The term, Hammer toe
, is commonly used as a general classification for any condition where
the toe muscle weakens, causing digital contracture, and resulting in deformity, a digital contracture like this can actually be a hammertoe, claw toe or mallet toe, depending on which joints in the
toe are contracted. Clawtoes are bent at the middle and end joints, while hammertoes are bent at the middle joint only. When it?s mallet toe, the joint at the end of the toe buckles. The skin near
the toenail tip develops a painful corn that can eventually result in an ulcer. Doctors further categorize all forms of hammertoe based on whether the affected toe is flexible, semi-rigid or rigid.
The more rigid the toe, the more pain it will cause.
Most hammertoes are caused by wearing ill-fitting, tight or high-heeled shoes over a long period of time. Shoes that don't fit well can crowd the toes, putting pressure on the middle toes and causing
them to curl downward. The condition may be more likely when the second toe is longer than the first toe or when the arch of the foot is flat. Hammertoe can also be present at birth (congenital).
Hammertoe also can be Hammer toes
caused by a bunion, which is the knobby
bump that sometimes develops at the side of the big toe. A bunion causes the big toe to bend toward the other toes. The big toe can then overlap and crowd the smaller toes. Occasionally, a hammertoe
is inherited or caused by arthritis in the toe joint.
If the toes remain in the hammertoe position for long periods, the tendons on the top of the foot will tighten over time because they are not stretched to their full length. Eventually, the tendons
shorten enough that the toe stays bent, even when shoes are not being worn. The symptoms of hammertoe include a curling toe, pain or discomfort in the toes and ball of the foot or the front of the
leg, especially when toes are stretched downward, thickening of the skin above or below the affected toe with the formation of corns or calluses, difficulty finding shoes that fit well. In its early
stages, hammertoe is not obvious. Frequently, hammertoe does not cause any symptoms except for the claw-like toe shape.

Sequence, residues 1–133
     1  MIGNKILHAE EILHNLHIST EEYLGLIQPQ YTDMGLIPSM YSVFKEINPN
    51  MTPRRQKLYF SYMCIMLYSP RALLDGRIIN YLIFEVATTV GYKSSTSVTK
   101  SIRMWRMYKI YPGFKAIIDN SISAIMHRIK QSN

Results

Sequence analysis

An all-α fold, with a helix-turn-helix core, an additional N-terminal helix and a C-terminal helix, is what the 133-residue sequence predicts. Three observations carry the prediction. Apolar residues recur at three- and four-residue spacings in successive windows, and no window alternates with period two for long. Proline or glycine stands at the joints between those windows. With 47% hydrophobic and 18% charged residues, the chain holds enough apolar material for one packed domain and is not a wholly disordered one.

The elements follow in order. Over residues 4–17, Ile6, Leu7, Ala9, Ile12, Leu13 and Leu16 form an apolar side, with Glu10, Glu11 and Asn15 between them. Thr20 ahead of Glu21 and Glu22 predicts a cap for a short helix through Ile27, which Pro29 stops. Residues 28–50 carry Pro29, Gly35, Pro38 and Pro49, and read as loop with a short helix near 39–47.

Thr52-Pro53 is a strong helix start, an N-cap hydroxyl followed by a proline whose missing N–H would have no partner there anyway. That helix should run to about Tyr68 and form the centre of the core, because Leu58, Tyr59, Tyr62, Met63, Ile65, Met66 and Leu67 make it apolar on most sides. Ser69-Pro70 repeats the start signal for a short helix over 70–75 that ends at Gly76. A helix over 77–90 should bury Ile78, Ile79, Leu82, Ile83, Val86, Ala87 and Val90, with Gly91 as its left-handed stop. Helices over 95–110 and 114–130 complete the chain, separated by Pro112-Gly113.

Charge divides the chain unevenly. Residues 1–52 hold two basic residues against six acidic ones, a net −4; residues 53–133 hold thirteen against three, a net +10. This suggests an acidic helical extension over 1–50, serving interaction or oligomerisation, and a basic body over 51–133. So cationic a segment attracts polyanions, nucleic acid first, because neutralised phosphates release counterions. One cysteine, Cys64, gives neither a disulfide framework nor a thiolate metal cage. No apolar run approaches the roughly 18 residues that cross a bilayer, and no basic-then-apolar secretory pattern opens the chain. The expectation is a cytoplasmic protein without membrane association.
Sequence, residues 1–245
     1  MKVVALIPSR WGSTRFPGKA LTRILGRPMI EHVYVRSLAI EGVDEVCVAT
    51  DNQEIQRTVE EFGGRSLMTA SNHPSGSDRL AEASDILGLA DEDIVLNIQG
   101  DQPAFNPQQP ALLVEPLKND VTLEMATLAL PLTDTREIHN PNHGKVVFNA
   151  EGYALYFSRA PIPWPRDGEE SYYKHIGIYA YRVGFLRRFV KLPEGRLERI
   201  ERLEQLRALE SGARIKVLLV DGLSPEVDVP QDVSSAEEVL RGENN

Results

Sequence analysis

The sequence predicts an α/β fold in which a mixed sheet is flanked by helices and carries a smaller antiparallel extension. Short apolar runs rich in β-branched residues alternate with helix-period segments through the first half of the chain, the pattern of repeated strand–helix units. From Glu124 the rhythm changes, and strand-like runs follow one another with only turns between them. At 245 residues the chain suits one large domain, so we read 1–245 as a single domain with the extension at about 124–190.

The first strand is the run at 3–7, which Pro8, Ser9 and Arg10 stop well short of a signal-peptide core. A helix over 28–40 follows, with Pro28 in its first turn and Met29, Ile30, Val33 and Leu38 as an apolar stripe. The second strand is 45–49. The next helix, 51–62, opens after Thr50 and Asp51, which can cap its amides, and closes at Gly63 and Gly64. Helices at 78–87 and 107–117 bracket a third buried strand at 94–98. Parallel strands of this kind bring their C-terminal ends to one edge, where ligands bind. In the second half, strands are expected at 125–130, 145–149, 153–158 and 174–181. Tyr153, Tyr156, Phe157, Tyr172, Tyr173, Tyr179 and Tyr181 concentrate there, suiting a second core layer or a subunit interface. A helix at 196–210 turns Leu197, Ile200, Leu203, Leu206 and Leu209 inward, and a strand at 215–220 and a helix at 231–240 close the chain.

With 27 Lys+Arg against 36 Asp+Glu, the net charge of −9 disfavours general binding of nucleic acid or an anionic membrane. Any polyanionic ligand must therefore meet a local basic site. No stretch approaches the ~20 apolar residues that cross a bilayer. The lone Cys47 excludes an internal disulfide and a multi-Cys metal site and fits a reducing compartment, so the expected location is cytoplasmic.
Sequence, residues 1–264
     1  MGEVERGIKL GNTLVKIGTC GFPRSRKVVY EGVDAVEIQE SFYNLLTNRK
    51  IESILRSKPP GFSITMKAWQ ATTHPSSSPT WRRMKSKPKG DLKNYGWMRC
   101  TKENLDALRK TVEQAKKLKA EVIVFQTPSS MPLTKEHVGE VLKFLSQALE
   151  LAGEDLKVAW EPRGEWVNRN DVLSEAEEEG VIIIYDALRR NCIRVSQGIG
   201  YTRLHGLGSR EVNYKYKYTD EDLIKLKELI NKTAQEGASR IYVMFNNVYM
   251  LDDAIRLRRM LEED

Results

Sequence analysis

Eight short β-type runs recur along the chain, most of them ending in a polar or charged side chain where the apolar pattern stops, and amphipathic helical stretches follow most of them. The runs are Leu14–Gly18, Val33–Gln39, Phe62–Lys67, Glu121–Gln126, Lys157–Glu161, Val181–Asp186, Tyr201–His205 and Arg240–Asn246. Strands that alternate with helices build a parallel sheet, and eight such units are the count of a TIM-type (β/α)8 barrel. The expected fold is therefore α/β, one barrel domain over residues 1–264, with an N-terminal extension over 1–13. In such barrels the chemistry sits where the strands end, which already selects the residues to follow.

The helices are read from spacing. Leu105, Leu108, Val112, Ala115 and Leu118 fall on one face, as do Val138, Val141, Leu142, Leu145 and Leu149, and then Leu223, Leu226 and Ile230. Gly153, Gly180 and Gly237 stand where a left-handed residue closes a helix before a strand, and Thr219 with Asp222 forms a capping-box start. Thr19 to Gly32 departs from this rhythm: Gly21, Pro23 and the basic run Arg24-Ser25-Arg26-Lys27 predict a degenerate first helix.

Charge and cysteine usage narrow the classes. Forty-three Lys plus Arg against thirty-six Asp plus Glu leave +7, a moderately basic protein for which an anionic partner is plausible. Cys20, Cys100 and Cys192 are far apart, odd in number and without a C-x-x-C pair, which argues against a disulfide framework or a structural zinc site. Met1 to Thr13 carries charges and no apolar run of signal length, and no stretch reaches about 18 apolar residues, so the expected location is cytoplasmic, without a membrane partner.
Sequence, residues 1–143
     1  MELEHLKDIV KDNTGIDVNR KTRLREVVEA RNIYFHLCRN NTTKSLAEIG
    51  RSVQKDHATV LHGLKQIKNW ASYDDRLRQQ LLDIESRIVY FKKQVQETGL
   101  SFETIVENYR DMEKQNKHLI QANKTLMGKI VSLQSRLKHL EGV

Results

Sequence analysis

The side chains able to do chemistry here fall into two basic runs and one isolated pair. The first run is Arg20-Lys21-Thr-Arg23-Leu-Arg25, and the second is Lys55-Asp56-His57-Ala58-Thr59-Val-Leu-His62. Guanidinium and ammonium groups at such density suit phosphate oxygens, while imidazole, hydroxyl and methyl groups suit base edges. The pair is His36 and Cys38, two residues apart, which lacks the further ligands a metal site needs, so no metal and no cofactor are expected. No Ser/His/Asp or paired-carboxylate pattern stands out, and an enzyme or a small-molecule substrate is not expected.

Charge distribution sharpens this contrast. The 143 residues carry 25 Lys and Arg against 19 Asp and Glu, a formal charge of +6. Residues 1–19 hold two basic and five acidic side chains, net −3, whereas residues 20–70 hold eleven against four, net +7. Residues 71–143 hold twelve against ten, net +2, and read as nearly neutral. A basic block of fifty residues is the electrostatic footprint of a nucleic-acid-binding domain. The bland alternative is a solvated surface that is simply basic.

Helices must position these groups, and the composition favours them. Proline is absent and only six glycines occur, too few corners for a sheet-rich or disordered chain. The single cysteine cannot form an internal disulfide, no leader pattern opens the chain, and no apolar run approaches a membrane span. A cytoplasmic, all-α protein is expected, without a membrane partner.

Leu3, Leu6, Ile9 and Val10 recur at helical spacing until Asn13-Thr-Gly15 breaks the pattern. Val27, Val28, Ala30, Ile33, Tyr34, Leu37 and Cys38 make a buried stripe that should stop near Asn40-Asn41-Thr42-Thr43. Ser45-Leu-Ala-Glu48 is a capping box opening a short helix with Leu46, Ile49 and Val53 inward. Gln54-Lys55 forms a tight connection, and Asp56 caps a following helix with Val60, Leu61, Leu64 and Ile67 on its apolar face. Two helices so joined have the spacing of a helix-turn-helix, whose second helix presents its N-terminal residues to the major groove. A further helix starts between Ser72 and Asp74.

Most health care professionals can diagnose hammertoe simply by examining your toes and feet. X-rays of the feet are not needed to diagnose hammertoe, but they may be useful to look for signs of some
types of arthritis (such as rheumatoid arthritis) or other disorders that can cause hammertoe.
Non Surgical Treatment
Wear wide shoes with plenty of room in the toes and resilient soles. Avoid wearing shoes with pointed toes. Commercially available felt pads or cushions may ease pressure from the shoe on the toe.
Toe caps (small, padded sleeves that fit around the tip of the toe) may relieve the pain of hammer toe. Do toe exercises, to help toe muscles become stronger and more flexible.
Arch supports or an orthotic shoe insert prescribed by your doctor or podiatrist may help to redistribute weight on the foot. These devices do not cure the problem but may ease the symptoms of either
hammer toe or mallet toe.
Sometimes surgery can not be avoided. If needed, the surgery chosen is decided by whether we are dealing with a flexible or rigid hammer toe. If the surgery is on a flexible hammer toe, it is
performed on soft tissue structures like the tendon and or capsule of the flexor hammer toe. Rigid hammer toes need bone surgeries into the joint of the toe to repair it. This bone surgery is called
These tips may help you buy the right shoes. Buy shoes at the end of the day. Your feet are smaller in the morning and swell throughout the day. Don't assume your shoe size hasn't changed. As you
age, your shoe size may change, especially the width. Measure both feet and buy for the larger foot. Ask for just the right fit. A shoe repair store can stretch shoes in tight spots.